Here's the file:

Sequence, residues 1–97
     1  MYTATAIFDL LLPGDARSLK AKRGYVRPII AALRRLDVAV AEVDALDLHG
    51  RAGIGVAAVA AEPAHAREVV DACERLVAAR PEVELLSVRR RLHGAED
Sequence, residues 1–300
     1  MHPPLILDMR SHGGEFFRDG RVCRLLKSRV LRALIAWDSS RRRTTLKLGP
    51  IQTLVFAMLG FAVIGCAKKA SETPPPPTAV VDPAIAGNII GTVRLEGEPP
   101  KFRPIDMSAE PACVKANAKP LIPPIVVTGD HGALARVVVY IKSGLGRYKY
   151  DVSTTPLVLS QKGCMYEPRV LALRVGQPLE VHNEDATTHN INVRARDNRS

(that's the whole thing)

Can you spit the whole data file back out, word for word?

Sequence, residues 1–97
     1  MYTATAIFDL LLPGDARSLK AKRGYVRPII AALRRLDVAV AEVDALDLHG
    51  RAGIGVAAVA AEPAHAREVV DACERLVAAR PEVELLSVRR RLHGAED
Sequence, residues 1–300
     1  MHPPLILDMR SHGGEFFRDG RVCRLLKSRV LRALIAWDSS RRRTTLKLGP
    51  IQTLVFAMLG FAVIGCAKKA SETPPPPTAV VDPAIAGNII GTVRLEGEPP
   101  KFRPIDMSAE PACVKANAKP LIPPIVVTGD HGALARVVVY IKSGLGRYKY
   151  DVSTTPLVLS QKGCMYEPRV LALRVGQPLE VHNEDATTHN INVRARDNRS